To The Daily Sun,

New Hampshire’s Special Committee on Redistricting finally released their proposed maps for new voting districts in Belknap County. Public hearings were held on these maps in Concord on Nov. 9-10. I reviewed the maps, submitted written testimony and testified in person at the Nov. 9, hearing. I proposed an alternative map that would give nine of the 11 towns/cities their own representation, with only Center Harbor and New Hampton sharing a representative in my proposal.

The redistricting map proposed by the majority Republican Party ignores most of the feedback provided by voters when 74 towns in New Hampshire, including most in Belknap County, expressed their desire for fair and transparent maps. According to the NH Constitution, any town with a population greater than 3,444 is entitled to its own state representative. The redistricting committee has ignored this and instead focuses on a “deviation statistic” they deem more important than the desire of the voters.

Here is what the Republican proposed map does for Belknap County. It takes away the two Belmont-specific representatives. It creates a new district that combines Belmont, Gilmanton, and Ward 4 of Laconia and gives this new district four representatives. Based on the NH constitution and the town populations, Gilford and Meredith should have two representatives each. Under the proposed Republican map, the two towns share four representatives. Similarly, Tilton, Barnstead, and Alton should each have their own representative. In the proposed map, Tilton is combined with Sanbornton; Alton and Barnstead are also combined. Five wards in Laconia share four representatives in the proposal.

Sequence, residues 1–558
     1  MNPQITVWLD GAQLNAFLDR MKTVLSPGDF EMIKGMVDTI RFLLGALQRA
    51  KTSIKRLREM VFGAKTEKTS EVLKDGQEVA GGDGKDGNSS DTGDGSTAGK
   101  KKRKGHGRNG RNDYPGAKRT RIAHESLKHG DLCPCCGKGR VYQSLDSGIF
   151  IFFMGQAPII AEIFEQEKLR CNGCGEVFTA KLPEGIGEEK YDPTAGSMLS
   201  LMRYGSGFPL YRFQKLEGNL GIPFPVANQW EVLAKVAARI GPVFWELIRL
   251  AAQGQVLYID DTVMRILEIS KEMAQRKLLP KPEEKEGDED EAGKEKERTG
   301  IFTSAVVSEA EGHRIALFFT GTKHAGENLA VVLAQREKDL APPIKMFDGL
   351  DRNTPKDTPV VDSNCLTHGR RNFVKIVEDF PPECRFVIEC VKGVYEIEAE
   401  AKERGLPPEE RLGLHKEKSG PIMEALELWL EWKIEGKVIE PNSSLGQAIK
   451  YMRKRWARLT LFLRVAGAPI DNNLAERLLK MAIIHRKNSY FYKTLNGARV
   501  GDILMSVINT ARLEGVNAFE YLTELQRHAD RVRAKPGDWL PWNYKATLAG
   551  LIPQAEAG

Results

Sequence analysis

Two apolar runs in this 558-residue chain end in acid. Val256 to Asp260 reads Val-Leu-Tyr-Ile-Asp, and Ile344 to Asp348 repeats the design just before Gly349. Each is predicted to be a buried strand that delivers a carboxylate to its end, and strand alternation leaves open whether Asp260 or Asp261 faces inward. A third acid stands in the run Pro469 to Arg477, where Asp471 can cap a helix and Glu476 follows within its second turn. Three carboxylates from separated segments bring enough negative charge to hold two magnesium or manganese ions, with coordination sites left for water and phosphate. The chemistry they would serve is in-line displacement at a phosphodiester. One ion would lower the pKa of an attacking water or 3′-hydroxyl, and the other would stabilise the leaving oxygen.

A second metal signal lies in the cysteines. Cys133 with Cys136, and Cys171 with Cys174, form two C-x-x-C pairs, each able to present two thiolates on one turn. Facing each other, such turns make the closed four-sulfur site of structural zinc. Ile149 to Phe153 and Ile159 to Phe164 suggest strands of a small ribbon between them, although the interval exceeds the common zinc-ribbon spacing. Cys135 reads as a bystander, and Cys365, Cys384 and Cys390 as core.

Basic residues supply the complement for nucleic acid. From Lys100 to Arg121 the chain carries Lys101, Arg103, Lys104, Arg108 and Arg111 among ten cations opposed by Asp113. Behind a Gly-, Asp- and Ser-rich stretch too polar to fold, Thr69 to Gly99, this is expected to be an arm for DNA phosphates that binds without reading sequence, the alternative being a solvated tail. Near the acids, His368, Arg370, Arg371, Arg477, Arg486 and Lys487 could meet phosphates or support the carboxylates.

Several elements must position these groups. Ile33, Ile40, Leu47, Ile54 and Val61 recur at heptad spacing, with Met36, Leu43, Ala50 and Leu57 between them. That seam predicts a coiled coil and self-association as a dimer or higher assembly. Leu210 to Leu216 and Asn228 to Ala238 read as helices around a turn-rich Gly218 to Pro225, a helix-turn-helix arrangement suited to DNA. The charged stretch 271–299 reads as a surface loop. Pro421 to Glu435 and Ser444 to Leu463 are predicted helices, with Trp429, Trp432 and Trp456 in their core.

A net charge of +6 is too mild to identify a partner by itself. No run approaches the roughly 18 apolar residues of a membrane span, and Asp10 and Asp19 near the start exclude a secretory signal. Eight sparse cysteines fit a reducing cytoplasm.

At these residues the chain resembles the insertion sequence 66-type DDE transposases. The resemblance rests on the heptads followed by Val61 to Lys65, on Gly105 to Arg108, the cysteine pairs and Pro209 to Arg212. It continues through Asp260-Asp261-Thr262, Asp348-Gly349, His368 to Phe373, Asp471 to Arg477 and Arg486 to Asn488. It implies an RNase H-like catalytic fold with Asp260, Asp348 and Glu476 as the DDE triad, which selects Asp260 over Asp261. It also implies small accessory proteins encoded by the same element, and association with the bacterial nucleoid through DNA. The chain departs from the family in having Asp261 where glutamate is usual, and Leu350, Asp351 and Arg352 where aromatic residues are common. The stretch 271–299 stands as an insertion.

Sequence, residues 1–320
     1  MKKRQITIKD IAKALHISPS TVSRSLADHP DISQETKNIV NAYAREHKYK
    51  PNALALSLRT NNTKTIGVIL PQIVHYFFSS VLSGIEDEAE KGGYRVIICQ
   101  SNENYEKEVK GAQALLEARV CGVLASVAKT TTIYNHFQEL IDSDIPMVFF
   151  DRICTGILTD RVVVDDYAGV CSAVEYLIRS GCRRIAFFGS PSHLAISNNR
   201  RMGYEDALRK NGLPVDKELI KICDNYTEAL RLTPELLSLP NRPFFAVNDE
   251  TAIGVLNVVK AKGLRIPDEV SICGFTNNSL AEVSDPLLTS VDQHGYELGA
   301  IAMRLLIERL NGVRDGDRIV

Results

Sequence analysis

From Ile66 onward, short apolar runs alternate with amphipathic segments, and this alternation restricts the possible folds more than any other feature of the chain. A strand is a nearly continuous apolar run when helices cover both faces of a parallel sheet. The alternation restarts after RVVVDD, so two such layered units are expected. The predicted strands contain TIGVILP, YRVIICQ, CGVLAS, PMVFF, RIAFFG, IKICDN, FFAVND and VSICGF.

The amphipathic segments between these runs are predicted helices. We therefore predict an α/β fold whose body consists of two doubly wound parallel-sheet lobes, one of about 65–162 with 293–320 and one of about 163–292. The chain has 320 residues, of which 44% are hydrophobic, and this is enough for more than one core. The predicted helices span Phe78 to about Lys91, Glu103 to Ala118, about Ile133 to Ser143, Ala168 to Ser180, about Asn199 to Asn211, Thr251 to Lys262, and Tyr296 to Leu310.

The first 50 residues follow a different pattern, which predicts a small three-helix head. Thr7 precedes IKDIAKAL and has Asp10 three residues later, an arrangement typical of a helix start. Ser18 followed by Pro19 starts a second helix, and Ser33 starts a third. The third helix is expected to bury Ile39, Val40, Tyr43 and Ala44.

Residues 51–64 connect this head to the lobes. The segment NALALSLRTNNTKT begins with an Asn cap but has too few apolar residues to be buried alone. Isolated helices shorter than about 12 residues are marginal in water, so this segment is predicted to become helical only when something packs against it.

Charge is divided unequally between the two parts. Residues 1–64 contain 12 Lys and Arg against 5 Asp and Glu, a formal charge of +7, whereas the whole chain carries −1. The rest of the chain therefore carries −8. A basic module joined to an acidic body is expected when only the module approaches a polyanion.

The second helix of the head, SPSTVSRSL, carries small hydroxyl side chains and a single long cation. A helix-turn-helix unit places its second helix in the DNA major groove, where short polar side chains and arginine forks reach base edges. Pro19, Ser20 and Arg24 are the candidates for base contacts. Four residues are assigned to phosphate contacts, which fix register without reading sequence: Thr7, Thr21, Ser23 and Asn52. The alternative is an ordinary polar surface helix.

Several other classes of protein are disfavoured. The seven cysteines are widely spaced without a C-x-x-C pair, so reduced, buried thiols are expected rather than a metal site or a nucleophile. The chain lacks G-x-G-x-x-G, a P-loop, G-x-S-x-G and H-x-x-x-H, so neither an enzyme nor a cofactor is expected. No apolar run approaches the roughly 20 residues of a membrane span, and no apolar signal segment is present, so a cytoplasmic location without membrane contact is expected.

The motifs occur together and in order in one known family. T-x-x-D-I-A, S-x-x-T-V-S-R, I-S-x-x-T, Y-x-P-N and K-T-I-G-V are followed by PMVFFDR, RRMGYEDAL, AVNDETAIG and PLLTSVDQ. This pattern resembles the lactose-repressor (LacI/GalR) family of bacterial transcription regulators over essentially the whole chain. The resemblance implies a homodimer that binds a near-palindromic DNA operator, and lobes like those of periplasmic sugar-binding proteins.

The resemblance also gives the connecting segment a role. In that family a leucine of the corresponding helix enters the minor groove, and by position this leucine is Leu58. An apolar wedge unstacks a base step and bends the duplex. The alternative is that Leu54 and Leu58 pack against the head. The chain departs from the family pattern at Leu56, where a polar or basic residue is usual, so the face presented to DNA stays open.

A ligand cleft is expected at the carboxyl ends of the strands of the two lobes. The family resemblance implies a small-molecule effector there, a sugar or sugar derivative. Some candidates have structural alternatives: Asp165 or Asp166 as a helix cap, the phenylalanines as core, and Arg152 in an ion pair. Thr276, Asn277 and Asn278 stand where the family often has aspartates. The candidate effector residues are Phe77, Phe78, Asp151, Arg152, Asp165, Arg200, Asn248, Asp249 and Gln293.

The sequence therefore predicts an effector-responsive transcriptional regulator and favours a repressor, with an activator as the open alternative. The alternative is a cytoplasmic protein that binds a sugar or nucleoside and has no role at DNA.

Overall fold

The appalling result of the new map is that voters in the combined districts are likely to be represented by someone from another town that doesn’t share the same issues. Voters are less likely to get to know their representatives. Representatives will most likely come from the majority party of the combined towns. Races are less competitive in larger districts. The 400-member NH legislature was created to provide local representation. Combining towns into large districts takes away this advantage.

At the hearing I attended, almost all the speakers expressed their disapproval of the Republican proposed maps and how the committee is ignoring the feedback expressed at the hearings. Democracy is dying in New Hampshire. The will of the voters is being ignored. For other examples, look at what is happening to the County Nursing Home or the controversy surrounding the future of Gunstock Ski Area. Contact your state representatives and tell them it’s time to listen to their constituents and abide by the NH constitution. Do you really want to live with their proposal for the next ten years?

Don House

Belmont

(1) comment

bunnell.brendan

Thank you for sharing. I will be getting involved. I have long looked to our 400 member legislature as a great representation of our commitment to limited and responsible government. This is appalling.

-Center Harbor

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